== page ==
National Australia Bank Ltd. set an initial public offering price range for its CYBG Plc unit that values its U.K. division at as much as GBP2.07 billion ($4.3 billion) and advances its plan to exit the market.
The shares will be offered at 175 pence to 235 pence each, giving the division a value of at least 1.54 billion pounds, the Melbourne-based lender said in a statement to the stock exchange. The IPO will conclude National Australia’s exit from the U.K. and follow the sale of 75 percent of the unit to shareholders.
The spinoff will allow Chief Executive Officer Andrew Thorburn to move forward with his plan to boost Australia and New Zealand mortgages and corporate loans after years of struggles in the U.K. The domestic focus will boost the lender’s return on equity, that now lags its main competitors, Thorburn said last month.
“The U.K. unit pricing is broadly in line with market expectations,” Brian Johnson, a Sydney-based analyst at CLSA Ltd. said in a telephone interview. “In a bad market, it’s only reasonable to expect a pricing in the lower end of the range. If markets improve, then the higher end is possible.”
National Australia shares were 1.15 percent lower at A$26.70 at 3:27 p.m. in Sydney compared with a 0.8 percent decline for the benchmark S&P/ASX200 index.
The planned price range values CYBG at 0.56 times the net value of its assets to 0.76 times book value, National Australia said. The final price will be set Feb. 2 after a book-build, the bank said. CYBG’s senior management will start investor meeting Monday, National Australia said.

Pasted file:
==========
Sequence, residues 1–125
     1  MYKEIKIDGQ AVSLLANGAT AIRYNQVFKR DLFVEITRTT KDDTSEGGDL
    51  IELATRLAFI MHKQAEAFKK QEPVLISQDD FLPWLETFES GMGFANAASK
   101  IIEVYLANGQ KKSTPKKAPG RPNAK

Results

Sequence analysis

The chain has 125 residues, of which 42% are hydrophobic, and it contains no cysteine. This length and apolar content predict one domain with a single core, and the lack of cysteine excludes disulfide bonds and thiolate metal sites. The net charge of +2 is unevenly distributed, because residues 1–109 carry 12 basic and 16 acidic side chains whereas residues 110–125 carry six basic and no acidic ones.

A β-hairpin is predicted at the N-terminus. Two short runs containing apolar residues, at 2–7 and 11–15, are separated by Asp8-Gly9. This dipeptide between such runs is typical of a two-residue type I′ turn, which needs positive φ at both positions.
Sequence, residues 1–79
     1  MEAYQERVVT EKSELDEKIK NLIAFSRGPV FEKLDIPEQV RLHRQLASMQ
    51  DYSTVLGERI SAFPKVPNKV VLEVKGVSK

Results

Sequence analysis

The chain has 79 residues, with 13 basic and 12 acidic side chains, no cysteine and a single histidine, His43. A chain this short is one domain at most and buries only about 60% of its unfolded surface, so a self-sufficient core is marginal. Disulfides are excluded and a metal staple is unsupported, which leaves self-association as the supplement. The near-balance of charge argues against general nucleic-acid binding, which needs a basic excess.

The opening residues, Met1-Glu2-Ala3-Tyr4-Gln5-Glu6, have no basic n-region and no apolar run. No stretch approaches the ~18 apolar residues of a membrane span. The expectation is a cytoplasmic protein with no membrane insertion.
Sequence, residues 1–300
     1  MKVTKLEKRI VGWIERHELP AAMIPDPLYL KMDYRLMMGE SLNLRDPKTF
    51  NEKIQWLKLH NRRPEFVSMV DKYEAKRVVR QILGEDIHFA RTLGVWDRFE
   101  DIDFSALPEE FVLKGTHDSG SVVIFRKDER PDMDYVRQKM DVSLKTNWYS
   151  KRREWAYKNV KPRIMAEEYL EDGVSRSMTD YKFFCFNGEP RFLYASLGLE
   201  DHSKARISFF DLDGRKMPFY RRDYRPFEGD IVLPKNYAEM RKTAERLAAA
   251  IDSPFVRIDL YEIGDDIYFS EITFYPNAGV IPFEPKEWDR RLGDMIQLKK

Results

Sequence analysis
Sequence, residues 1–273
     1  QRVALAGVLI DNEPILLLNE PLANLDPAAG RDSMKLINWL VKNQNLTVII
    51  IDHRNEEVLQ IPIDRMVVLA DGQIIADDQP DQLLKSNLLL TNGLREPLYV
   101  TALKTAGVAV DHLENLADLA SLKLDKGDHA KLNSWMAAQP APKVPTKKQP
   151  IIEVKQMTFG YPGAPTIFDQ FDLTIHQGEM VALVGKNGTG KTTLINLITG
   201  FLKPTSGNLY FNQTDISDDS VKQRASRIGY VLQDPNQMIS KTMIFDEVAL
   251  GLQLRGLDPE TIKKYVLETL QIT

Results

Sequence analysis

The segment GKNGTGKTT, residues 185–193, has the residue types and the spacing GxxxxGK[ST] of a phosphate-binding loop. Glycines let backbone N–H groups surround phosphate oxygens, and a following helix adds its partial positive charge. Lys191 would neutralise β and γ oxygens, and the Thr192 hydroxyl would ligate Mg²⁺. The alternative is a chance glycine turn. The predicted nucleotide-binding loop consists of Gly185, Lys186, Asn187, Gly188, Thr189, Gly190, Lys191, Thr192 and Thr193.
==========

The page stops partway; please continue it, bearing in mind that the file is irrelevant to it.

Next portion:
The proposed valuation compares with 0.75 times book value average for U.K. lenders with a market capitalization of at least 2 billion pounds, according to data compiled by Bloomberg. Barclays PLC is trading at 0.6 times the net value of its assets while Lloyds Banking Group Plc is priced at 1.1 times book, the data show.
National Australia said Dec. 8 it expects a “significant ” accounting loss from the spinoff and IPO. If the separation is managed at book value, the accounting loss would be A$1.71 billion ($1.18 billion), the bank said. That amount would rise to A$3.19 billion at 0.75 times the carrying value and A$4.67 billion at half the book value.
The lender said its main financial metrics will improve after the exit. Return on equity, a measure of how efficiently it uses shareholder funds, for the year ended Sept. 30 would have risen to 14.6 percent from the reported 12 percent, the bank said. Its cost-to-income ratio would have shrunk to 41.1 percent from 50.8 percent, it said.
The bank said it may elect not to proceed with the stock offering or only proceed with a partial IPO, in which case it will retain a shareholding in CYBG.